FCA urges equity release development to overcome ‘unfortunate history’

The FCA's Tracey McDermott said while equity release had an "unfortunate history" the industry should better assist people looking to access capital tied up in property. Laura Miller reports

The regulator wants to work with the industry on products to allow people to unlock money tied up in their property, Financial Conduct Authority (FCA) acting chief executive Tracey McDermott has said.

Speaking at a Treasury Select Committee hearing, McDermott praised financial services for its handling of pension freedoms, enacted in April just a year after they were announced by the government.

But she said the sector needs to consider if it is providing “the right sort of products at the right stage” of consumers lives.

This could mean products that allow people to access the value in their property, she said, but admitted equity release products have “an unfortunate history”.

“We’re watching the market. There has been little by the way of new products coming onto the market. We’re not worried by that. We’d rather that than they rush,” McDermott told MPs.

“The industry has responded well to pension freedoms. But there is a situation particular to UK…is that people have a lot of money tied up in their home. Are there products that people can use to use the value tied up in their property?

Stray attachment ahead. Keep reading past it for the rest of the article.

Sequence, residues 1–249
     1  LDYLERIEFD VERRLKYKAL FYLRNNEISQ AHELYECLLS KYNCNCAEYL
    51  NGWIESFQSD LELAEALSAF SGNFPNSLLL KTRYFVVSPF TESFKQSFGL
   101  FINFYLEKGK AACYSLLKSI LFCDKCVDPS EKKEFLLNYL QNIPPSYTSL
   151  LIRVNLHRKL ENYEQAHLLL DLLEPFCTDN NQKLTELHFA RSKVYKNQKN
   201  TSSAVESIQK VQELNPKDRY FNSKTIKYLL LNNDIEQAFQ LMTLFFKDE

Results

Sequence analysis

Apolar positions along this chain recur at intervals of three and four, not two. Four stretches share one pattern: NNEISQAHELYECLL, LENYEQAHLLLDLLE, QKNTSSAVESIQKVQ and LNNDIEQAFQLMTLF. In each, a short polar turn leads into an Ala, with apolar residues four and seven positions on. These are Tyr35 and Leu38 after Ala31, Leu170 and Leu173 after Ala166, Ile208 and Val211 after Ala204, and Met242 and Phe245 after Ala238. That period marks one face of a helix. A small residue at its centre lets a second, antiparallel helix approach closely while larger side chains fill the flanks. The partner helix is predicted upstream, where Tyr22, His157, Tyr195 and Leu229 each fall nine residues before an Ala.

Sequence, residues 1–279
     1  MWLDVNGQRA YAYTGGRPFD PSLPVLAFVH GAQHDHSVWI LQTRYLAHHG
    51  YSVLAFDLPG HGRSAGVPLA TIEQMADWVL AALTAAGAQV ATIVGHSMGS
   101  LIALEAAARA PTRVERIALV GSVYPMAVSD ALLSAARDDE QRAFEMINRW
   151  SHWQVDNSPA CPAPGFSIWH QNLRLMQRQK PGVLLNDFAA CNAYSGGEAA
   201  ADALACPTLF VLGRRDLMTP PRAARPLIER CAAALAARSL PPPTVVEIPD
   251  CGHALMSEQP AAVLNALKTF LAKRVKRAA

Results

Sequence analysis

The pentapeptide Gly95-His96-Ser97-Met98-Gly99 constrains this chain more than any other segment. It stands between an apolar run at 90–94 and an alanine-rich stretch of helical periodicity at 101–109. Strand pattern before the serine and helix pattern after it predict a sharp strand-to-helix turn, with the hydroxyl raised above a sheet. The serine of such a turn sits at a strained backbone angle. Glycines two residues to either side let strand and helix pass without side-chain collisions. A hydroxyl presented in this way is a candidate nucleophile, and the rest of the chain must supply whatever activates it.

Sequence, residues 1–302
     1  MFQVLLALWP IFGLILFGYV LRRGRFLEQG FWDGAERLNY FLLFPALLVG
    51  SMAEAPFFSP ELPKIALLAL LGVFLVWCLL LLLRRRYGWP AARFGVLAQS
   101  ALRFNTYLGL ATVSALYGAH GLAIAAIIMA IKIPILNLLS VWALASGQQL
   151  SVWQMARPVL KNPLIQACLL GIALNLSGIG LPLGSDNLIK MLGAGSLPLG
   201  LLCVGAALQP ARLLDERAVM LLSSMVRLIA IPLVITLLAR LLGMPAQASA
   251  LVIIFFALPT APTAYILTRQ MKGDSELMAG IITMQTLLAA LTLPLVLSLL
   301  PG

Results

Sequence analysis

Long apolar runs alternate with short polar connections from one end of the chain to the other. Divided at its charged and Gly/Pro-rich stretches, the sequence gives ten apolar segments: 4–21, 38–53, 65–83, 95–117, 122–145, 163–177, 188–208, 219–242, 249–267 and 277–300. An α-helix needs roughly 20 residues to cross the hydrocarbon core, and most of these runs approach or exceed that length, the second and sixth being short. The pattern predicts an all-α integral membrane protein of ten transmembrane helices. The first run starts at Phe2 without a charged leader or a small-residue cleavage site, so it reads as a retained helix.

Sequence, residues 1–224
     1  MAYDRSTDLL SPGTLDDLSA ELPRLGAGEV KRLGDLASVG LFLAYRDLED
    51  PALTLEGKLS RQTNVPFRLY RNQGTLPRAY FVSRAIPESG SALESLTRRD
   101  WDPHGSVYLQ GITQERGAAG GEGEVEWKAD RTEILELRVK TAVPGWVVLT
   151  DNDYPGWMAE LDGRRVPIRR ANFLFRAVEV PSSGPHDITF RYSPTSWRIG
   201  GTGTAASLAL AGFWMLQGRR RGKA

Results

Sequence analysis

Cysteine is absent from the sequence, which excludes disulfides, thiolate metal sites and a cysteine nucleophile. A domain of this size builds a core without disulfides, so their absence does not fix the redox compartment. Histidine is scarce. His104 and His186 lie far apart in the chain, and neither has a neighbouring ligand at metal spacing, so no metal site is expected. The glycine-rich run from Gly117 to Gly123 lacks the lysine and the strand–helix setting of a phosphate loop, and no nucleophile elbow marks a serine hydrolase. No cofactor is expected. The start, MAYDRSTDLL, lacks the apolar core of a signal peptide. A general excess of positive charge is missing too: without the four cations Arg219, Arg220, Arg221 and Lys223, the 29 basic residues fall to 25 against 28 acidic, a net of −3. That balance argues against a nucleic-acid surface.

“Equity release has an unfortunate history. We have to work closely [with the industry on this]. We do need to think about whether the financial services industry is providing the right sort of products at the right stage of life,” she said.’

Reasonable’ exit fees

McDermott was also grilled by MPs on exit fees charged by some product providers on retirees’ pensions, which is also the subject of a government consultation.

She said there are around 250,000 contracts where the fee is above 2%, which is deemed to be high.

“The government is looking into it with a consultation and we’ll be looking at the results of that,” she said, adding that the FCA is “keen to ensure fees charged are reasonable”.

“It is difficult to say what is reasonable, but we’ll be looking at the charging structure. It could be a small amount but over a long period of time [that adds up],” she said.